sunday adventure: brompton cemetery

I have been meaning to visit Brompton Cemetery for a while but was never down that way so thought it was too much effort. Now I have moved to the south-west of London it is on my usual train route so on this beautiful May Sunday I decided I would take a leisurely walk through the grounds.

This time of year is my favourite to visit these kinds of cemeteries (I visited Kensal Green Cemetery last year) as they let the meadow flowers grow wild which surrounds the tombstones in a beautiful vibrant greenery.

barbican architecture – polaroids

I recently decided on a fine Spring day that I ought to get out of the house. I had heard a while ago that there were architecture tours of the Barbican estate and took the opportunity in the nice sunshine (but cold wind!) to go on one. Usually I’m adverse to paying for things, working in a museum and receiving free entry to a lot of exhibitions has spoilt me, but it was definitely £10.50 very well spent. We had a terrific tour guide (of course I have forgotten his name) and I have warmed to brutalist architecture (oh no). I think it comes down to having an understanding to be able to appreciate the art form. I found that when I was studying my art history degree and initially thought Renaissance art was boring but the fact was, I just didn’t know enough to appreciate it fully. Anyway! Here are some Polaroids I took after the tour when I went on a loop back around the estate. I used Impossible Poor Pod Silver Shade 600 film and I broke out my last ORIGINAL Polaroid 600 colour film pack (of which I now only have one precious shot left!). All shot on my super amazing (and recently transported via the mother from Australia) Polaroid SX70 Sonar Autofocus camera.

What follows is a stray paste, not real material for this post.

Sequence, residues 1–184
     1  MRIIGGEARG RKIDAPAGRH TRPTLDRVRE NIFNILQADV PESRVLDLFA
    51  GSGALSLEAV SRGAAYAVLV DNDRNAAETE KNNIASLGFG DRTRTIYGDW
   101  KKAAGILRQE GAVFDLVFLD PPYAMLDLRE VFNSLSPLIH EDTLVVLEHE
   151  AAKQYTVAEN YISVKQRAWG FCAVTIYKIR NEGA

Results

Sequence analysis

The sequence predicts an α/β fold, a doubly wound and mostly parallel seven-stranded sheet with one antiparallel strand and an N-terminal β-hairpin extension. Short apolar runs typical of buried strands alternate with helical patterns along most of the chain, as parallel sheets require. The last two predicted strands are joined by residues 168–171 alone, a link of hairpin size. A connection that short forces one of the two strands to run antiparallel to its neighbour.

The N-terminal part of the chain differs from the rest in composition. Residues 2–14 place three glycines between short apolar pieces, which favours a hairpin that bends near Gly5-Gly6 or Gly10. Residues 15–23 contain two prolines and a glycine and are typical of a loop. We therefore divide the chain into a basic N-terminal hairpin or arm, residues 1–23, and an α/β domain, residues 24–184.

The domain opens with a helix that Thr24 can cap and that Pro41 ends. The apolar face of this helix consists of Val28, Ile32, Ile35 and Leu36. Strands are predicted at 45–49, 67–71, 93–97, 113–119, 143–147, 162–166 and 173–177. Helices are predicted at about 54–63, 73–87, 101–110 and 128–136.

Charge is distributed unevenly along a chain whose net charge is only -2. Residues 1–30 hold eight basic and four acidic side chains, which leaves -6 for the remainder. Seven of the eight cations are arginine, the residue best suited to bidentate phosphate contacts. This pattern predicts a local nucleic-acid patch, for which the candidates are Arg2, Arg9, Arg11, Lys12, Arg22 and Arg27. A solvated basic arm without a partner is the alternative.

St Giles-without-Cripple-Gate & Shakespeare Tower

This was the first shot of original Polaroid 600 film, an open pack so this one wasn’t too happy.

Looking up the stairwell under the Shakespeare Tower. 44 floors.
Faintly trying to capture the red tulips, this film is way past it’s use by date!In the conservatory with the fishes.

worlds collide

So a while ago I thought I was reloading a half finished film into my camera. After developing it turned out that I had already shot the whole roll in Perth and so all my London photos had overlapped. It turned into a jumble of never-ending frames but I quite like the havoc.

All shot on my Robot Disderi 3 with Lomography 400 35mm film.










photographer feature – Arnold Genthe

For a while I’ve known of Arnold Genthe (1869-1942) although one would have to devote an entire life to appreciate his archive. I’ve chosen some of the frivolous photographs of dancers and female portraits that caught my eye during a brief browse. So many portraits of men and women in a usual pose can found but it’s the moments that he captured that really showed the sitters personality that I enjoy the most.

Miss Chapin, 1918

Miss Burnand, 1918

Miss Maitland and Miss Knight, 1915

Isadora Duncan dancer, ca.1915-1923

Isadora Duncan dancer, ca.1915-1923

Isadora Duncan dancers, ca.1915-1923

Miss Ruth Findlay, 1915